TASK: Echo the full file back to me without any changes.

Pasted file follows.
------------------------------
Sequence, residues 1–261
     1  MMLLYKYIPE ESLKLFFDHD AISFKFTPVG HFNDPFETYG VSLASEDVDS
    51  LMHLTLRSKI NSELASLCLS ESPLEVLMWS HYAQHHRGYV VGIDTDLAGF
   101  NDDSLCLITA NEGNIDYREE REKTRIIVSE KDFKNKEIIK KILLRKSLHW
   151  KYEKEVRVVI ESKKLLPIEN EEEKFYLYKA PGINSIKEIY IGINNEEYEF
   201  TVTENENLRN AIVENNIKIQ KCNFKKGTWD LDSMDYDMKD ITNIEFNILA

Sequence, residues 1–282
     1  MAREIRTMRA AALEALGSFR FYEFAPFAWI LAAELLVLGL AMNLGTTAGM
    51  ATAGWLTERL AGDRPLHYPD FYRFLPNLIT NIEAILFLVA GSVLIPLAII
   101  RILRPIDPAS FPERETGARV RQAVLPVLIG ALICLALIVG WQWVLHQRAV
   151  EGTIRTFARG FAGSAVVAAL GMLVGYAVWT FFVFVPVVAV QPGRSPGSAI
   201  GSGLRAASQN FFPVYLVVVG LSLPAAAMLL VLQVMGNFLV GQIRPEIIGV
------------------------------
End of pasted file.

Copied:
Sequence, residues 1–261
     1  MMLLYKYIPE ESLKLFFDHD AISFKFTPVG HFNDPFETYG VSLASEDVDS
    51  LMHLTLRSKI NSELASLCLS ESPLEVLMWS HYAQHHRGYV VGIDTDLAGF
   101  NDDSLCLITA NEGNIDYREE REKTRIIVSE KDFKNKEIIK KILLRKSLHW
   151  KYEKEVRVVI ESKKLLPIEN EEEKFYLYKA PGINSIKEIY IGINNEEYEF
   201  TVTENENLRN AIVENNIKIQ KCNFKKGTWD LDSMDYDMKD ITNIEFNILA

Sequence, residues 1–282
     1  MAREIRTMRA AALEALGSFR FYEFAPFAWI LAAELLVLGL AMNLGTTAGM
    51  ATAGWLTERL AGDRPLHYPD FYRFLPNLIT NIEAILFLVA GSVLIPLAII
   101  RILRPIDPAS FPERETGARV RQAVLPVLIG ALICLALIVG WQWVLHQRAV
   151  EGTIRTFARG FAGSAVVAAL GMLVGYAVWT FFVFVPVVAV QPGRSPGSAI
   201  GSGLRAASQN FFPVYLVVVG LSLPAAAMLL VLQVMGNFLV GQIRPEIIGV